So I decided to inflict it on the internets.  On you, reader, whomever you are.  You're my substitute Grocery Store Clerk and Hairdresser and Irritiating Guy at the Baseball Game (though I'm sure you're not irritating).  Thanks for listening.  

I think I'll go outside and do some yardwork.  Though I might wait until Neighbor Guy is done mowing his lawn.  I've never actually met him.  And I'm pretty sure that, "Hi!  I'm your neighbor!  I had a miscarriage!" is not quite what he's expecting.

Thursday, April 16, 2009

for the birds

There are these birds outside our front window. They've been there about two weeks now.  I don't know what they do during the day - they seem to commute someplace else - but in the morning and the evening, I can hear them from any room in the house.   They're hurling themselves against the window, over and over and over again.  They sit on the fence perpendicular to the window, and they throw themselves at the glass.  Twenty, thirty times.  Eventually they give up and go away.  And then they come back a few hours later.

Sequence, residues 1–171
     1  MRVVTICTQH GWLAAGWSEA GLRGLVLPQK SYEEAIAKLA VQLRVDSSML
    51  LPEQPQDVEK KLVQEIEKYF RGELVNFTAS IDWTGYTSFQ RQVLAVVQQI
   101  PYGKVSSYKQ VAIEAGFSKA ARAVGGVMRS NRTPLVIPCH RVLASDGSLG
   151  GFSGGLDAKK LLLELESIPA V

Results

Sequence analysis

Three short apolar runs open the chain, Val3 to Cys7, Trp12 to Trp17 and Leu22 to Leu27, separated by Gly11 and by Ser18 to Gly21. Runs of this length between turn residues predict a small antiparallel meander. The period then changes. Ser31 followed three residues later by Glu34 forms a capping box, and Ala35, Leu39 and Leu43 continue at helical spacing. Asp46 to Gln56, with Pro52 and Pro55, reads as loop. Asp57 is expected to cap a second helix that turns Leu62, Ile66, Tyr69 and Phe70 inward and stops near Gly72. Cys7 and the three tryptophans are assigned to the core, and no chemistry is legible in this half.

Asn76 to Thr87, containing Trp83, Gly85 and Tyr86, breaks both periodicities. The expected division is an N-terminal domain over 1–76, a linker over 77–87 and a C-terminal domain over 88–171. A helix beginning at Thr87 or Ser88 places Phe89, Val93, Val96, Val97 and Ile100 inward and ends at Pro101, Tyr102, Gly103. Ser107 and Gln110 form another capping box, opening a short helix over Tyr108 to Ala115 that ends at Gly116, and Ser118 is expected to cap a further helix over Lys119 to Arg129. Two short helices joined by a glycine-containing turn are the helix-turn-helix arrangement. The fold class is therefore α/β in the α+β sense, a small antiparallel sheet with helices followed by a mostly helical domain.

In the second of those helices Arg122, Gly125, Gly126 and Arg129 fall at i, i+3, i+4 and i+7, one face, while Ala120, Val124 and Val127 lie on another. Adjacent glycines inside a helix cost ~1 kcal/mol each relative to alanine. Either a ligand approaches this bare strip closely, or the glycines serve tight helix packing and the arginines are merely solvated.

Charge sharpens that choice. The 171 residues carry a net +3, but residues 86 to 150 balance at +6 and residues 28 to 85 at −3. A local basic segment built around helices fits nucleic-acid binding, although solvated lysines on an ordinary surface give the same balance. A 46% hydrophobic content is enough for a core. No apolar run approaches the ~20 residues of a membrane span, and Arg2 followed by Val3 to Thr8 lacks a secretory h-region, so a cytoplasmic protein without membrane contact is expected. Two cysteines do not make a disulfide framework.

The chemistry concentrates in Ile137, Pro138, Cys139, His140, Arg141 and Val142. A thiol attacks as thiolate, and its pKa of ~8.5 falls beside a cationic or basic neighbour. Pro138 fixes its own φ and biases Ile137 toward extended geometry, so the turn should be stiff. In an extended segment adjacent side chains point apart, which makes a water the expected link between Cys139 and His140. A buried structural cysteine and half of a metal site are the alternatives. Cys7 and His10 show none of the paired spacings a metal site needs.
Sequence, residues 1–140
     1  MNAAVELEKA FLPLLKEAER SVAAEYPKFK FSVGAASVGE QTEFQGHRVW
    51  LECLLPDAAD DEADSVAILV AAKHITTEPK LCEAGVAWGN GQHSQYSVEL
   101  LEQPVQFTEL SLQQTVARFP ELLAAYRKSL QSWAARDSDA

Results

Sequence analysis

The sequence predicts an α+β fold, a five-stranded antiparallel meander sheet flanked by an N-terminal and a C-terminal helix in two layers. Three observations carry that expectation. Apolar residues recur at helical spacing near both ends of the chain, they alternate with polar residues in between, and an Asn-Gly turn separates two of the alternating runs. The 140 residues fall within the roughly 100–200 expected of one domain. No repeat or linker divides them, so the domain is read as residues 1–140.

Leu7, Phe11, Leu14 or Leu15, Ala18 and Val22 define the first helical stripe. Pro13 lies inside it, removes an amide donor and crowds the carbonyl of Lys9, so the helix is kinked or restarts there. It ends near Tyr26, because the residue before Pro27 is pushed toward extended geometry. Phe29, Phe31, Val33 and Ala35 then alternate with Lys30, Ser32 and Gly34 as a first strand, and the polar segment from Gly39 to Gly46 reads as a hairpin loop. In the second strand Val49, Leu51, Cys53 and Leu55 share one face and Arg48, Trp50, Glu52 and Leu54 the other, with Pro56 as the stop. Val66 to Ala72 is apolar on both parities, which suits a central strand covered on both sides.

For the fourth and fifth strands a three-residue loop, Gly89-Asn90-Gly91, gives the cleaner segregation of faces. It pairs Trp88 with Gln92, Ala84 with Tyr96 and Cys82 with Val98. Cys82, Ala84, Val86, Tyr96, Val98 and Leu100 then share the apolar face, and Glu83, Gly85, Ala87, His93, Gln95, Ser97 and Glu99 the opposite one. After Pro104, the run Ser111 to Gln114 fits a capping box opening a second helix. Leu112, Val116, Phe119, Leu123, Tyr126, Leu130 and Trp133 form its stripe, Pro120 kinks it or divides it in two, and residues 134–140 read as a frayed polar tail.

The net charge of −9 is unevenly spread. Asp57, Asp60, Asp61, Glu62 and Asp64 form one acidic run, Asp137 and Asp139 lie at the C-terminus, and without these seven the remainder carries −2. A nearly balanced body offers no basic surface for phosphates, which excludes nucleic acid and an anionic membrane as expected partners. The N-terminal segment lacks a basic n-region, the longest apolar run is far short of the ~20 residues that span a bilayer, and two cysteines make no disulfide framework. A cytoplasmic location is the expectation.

Until Monday, these birds were irritating the crap out of me.  My God, I would think, how stupid ARE these birds?  How many freaking times do they have to hit the glass before they figure it out - you can't get in here, you morons?  And what the heck is in here that they want so badly?  Don't they know when to admit defeat?  Any intelligent person (or bird) would realize by now; it just ain't gonna happen, buckos.  LET IT GO.  Move on.  

And also, they are shitting all over the window.  And the fence.

I think about them all the time now.  Except when I am thinking about what on earth might be happening in my body, or how we are going to find the money for additional IVF cycles, and how terrified I am that I will have another miscarriage, or never be successful at all, or trying to stop crying.  Again.  I keep thinking about the birds and their foolish determination to get in here, no matter what.